- Data from global information services company Experian shows that e-commerce fraud attack rates this year appear to be at least 15% higher than in 2015, growth suggesting that stolen cards, card numbers or identities may be getting used in incidents of "card not present" fraud.
- Experian also determined the riskiest ZIP Codes in the nation where fraud potentially could occur, and found Florida to be the top-ranked state for billing fraud, followed by New York and California. The three states have major ports-of-entry and airports that make it convenient for fraudsters to re-ship their stolen goods elsewhere.
- Among individual cities, Houston, TX had the riskiest ZIP Code for billing fraud, and Eudora, KS was second, with Miami third.
We have had the credit card companies tells us that EMV chip card technology is starting to make a difference in counterfeit fraud occurring at the point of sale. This may be true, but Experian's findings are a reminder that EMV doesn't mean the end of all fraud, and that criminals may only be redoubling their efforts to find other ways to make fraudulent purchases.
Other recently released data from Forter told a similar story, suggesting that e-commerce fraud increased about 27% from the fourth quarter of last year to the first quarter of this year, timing which coincides with EMV chip cards and terminals coming into broader usage in brick-and-mortar stores.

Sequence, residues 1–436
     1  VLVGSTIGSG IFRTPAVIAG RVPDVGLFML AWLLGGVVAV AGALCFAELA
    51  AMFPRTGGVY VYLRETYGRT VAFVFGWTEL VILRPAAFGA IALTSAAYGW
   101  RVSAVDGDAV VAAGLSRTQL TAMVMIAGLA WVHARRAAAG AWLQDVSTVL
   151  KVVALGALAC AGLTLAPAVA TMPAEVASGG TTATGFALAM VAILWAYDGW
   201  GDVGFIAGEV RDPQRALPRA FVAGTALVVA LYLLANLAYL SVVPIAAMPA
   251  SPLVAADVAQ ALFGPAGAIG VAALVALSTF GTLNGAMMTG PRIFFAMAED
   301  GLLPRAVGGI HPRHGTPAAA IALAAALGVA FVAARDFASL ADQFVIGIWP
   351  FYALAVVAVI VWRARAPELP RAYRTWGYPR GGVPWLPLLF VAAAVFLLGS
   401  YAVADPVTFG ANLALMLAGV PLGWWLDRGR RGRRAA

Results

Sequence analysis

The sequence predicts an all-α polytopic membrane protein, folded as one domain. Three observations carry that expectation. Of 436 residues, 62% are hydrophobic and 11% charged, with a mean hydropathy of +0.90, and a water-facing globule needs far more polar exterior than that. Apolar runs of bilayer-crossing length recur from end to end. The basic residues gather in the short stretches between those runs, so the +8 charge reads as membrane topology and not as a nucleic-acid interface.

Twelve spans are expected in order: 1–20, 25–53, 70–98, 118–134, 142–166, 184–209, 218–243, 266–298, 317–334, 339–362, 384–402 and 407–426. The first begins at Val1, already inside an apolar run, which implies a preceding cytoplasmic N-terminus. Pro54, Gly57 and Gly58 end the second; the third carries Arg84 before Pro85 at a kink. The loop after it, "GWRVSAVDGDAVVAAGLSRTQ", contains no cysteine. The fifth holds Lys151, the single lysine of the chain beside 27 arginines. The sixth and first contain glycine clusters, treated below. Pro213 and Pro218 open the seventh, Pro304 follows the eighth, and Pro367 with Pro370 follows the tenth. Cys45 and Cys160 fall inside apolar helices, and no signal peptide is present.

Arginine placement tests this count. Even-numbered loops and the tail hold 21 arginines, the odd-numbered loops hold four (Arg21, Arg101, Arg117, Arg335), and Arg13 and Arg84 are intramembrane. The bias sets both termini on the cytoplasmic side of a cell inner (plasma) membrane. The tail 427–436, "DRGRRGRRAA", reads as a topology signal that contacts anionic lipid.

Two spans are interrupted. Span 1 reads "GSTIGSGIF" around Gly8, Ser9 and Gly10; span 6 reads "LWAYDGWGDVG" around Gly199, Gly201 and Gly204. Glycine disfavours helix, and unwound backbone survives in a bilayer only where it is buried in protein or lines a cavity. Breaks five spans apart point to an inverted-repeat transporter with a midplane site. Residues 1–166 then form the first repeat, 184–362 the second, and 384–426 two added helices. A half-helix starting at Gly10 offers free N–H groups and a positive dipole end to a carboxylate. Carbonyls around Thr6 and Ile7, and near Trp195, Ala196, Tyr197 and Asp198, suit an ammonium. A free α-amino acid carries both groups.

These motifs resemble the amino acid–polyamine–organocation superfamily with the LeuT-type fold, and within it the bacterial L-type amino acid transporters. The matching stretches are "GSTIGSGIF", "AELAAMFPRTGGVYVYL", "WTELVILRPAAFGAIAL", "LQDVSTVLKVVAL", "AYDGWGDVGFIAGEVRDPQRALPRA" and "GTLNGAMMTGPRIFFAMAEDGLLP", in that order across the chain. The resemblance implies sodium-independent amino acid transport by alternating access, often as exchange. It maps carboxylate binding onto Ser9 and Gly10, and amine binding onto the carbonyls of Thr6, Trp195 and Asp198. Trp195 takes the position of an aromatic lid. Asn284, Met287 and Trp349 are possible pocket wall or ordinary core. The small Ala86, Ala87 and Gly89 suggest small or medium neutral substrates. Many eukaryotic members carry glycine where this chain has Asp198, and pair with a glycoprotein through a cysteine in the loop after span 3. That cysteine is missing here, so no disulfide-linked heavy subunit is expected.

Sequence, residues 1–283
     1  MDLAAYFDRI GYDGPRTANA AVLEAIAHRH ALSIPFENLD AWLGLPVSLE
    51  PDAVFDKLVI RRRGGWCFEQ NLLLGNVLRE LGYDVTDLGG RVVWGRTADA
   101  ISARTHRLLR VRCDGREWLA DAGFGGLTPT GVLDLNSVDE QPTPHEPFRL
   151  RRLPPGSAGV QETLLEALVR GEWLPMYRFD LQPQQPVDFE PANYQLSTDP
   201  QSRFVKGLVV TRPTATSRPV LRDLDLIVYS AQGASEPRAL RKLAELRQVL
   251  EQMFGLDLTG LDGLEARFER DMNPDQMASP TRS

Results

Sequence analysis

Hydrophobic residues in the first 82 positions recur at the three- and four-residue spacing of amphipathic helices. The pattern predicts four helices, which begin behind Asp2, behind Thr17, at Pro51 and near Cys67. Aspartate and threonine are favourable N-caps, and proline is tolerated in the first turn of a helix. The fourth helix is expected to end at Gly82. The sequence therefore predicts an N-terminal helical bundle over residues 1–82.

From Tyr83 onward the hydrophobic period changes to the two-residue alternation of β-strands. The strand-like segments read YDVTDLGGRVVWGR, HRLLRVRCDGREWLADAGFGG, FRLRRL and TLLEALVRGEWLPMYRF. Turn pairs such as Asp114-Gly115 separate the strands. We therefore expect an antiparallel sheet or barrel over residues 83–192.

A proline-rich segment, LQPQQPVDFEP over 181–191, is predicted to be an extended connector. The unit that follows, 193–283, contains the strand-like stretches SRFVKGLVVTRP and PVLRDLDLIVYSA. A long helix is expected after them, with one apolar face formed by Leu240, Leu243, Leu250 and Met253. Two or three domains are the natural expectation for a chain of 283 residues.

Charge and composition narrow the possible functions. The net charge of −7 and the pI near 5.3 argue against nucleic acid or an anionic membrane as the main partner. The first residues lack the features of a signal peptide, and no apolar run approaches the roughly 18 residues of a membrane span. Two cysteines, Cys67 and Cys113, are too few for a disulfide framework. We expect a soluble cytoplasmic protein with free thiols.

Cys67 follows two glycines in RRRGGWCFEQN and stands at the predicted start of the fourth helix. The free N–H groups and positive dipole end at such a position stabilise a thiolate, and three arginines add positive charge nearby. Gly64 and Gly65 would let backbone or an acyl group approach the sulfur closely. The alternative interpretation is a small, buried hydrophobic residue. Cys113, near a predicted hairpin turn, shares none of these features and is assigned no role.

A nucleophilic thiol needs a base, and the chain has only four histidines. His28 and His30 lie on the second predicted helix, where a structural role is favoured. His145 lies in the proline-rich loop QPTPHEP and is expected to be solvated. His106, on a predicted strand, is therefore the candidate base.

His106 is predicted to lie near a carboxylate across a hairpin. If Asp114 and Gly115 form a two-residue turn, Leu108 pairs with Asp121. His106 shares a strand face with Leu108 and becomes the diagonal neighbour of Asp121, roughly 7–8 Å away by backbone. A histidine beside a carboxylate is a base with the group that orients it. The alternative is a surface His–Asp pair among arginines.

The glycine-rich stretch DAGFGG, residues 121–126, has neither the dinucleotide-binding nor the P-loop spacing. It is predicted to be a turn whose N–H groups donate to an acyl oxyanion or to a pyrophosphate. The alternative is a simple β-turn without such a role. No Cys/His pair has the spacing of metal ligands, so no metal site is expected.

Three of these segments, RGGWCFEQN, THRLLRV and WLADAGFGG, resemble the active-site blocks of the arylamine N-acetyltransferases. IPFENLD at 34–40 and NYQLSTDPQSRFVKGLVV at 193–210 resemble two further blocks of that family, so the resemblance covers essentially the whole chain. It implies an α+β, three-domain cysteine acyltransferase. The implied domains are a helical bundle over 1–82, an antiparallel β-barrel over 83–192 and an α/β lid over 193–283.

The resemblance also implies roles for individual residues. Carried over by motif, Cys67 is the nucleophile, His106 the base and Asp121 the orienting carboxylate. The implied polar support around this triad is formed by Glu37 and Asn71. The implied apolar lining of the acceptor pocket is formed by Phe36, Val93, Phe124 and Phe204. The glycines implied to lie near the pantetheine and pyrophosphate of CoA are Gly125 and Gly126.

Furthermore, the Federal Trade Commission stated earlier this year that 2015 was a banner year for credit card fraud, with complaints up 41% last year over 2014. And as Experian points out, the increase in e-commerce fraud also comes as e-commerce sales continue to boom, growing 16% year over year in the U.S. during the second quarter of 2016. E-commerce has a bigger target on its back than ever.
"Fraudsters continue to exploit new vulnerabilities, and perpetrate card-not-present fraud against businesses using stolen consumer identity and payment data," Adam Fingersh, Experian general manager and senior vice president of fraud and identity solutions, said in a statement. "This reinforces the need for aggressive fraud prevention strategies and adoption of open technology platforms to prepare for the latest emerging cyber security threats. Fraudsters have what they need to quickly capitalize on compromised data, so businesses need to be prepared."